Malls · Retail leases · Shopping Center · Uncategorized

Retail evolution and the need for lease language changes


Experiential retail. Bricks and mortar stores as distribution points. Online sales returns. Showrooming. We are continuously bombarded with articles about the death of retail, the evolution of retail, stores closures, the death of retail being exaggerated, announced stores closings, announced store openings. While there seems to be little agreement about the future of retail, there is little doubt that retail continues to evolve. And, with that evolution, changes are needed to leases and lease language.

  • Many leases and most operating agreements (Reciprocal Easement Agreements (REAs), Construction, Operating and Reciprocal Easement Agreements (COREAs) and other similar documents) typically have restrictions against uses which may be found in a shopping center such as:
    • Residential
    • Education
    • Entertainment (movies, theaters)
    • Vehicle sales and rental
    • Office
    • Health clubs and exercise facilities

These restrictions often run with the land (meaning they are perpetual with no expiration). Often, these restrictions existed to limit the impact on parking. However, some existed to ensure “a first class” shopping center. But, outstanding properties live Oak Brook Center outside of Chicago and Avalon (pictured in the photo) outside of Atlanta have Tesla dealerships. Some of the best centers in the country, Ala Moana Center, Natick Mall, Phipps Plaza, have residential incorporated or immediately adjacent. As retail evolves, these restrictions have to be eliminated, or altered. Without changes, a developer’s ability to allow a center to evolve will be limited. I used to laugh when I would read a restriction against a distillery. Who would ever consider something like that? Today, breweries and distilleries are desired tenants in mixed use properties – that experiential retail. Do you really want to be denied an Equinox Fitness or Soul Cycle due to a use restriction. Use restrictions must evolve.

  • Retailers trying to marry e-commerce with bricks and mortar often use their store locations as distribution points. However, if you take a look at a gross sales definition, reported gross sales include sales generated “in, at, on or from the demised premises.” While a sale may have been made online, in certain instances, the sale is finalized “from” the demised premises. On the other hand, if a retailer makes a sale online, but allows the consumer to return it to a retail location, the sale may have never been reported, yet the return is used to reduce reported gross sales for the location. The definition of gross sales must evolve.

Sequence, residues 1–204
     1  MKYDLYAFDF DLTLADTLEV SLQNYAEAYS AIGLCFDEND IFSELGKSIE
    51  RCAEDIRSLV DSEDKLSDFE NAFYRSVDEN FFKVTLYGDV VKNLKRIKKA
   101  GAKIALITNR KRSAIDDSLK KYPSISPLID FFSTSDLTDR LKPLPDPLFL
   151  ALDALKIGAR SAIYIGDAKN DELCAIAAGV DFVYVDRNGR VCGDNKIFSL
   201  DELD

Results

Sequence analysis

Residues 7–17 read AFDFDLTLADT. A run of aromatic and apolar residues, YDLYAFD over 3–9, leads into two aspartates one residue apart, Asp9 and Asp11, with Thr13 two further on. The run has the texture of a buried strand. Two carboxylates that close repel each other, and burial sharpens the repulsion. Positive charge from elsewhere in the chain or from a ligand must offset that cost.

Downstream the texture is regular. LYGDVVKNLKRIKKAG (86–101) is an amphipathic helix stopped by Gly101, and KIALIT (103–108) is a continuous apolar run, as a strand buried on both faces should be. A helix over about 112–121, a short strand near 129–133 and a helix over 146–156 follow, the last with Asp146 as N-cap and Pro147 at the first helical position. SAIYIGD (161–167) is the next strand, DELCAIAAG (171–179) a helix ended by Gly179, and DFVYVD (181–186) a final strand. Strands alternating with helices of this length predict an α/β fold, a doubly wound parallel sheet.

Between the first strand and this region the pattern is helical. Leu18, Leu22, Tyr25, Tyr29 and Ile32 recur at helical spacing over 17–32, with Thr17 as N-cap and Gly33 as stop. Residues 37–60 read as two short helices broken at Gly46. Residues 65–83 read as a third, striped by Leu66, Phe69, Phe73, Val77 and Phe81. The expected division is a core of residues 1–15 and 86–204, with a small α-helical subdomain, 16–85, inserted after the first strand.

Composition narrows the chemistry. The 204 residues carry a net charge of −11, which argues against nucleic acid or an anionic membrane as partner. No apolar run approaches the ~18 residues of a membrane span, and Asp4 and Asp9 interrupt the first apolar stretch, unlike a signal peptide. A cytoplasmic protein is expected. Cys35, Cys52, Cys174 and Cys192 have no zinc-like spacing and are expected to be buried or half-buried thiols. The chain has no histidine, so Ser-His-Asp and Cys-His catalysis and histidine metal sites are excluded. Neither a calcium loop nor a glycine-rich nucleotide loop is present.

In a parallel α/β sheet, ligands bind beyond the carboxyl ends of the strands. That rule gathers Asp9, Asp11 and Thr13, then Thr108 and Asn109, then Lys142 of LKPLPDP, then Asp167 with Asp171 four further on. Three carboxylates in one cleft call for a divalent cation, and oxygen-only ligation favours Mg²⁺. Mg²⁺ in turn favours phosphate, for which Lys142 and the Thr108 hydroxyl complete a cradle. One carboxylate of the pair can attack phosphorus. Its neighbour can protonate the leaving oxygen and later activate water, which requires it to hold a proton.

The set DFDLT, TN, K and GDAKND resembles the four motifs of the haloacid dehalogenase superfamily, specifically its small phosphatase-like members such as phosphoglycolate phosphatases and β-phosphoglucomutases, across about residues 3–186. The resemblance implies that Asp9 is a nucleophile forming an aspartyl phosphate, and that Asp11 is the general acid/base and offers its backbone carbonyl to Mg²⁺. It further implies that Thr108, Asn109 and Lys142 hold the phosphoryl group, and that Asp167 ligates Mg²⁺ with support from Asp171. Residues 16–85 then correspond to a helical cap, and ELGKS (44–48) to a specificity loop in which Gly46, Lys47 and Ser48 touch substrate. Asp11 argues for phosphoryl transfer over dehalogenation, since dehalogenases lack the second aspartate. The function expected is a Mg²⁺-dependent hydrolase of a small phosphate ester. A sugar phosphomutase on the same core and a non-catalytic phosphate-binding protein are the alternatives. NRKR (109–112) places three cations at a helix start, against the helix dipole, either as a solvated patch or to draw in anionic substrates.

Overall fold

• Also affecting the definition of gross sales will be the concept of showrooming – where the store may be a showroom only. Touch, experience, try on. The order may be placed at the retail location, or subsequently online. Leases have to evolve to recognize the value of the sale which, in some part, is attributable to the physical location.

From the late 1950s to the early 1970s, it was very common for department stores in regional malls to have absolute approval rights over other tenants which would be permitted to operate in the mall (or at a minimum, in their respective entry court). Right around 1973, due to anti-trust lawsuits which were being brought at the time, most department stores issued unilateral agreements rescinding their approval rights.

For the health and survival of the industry, we may need to see some unilateral rights, restrictions, and language definition rescissions granted from tenants to landlords and vice versa so that centers can evolve.

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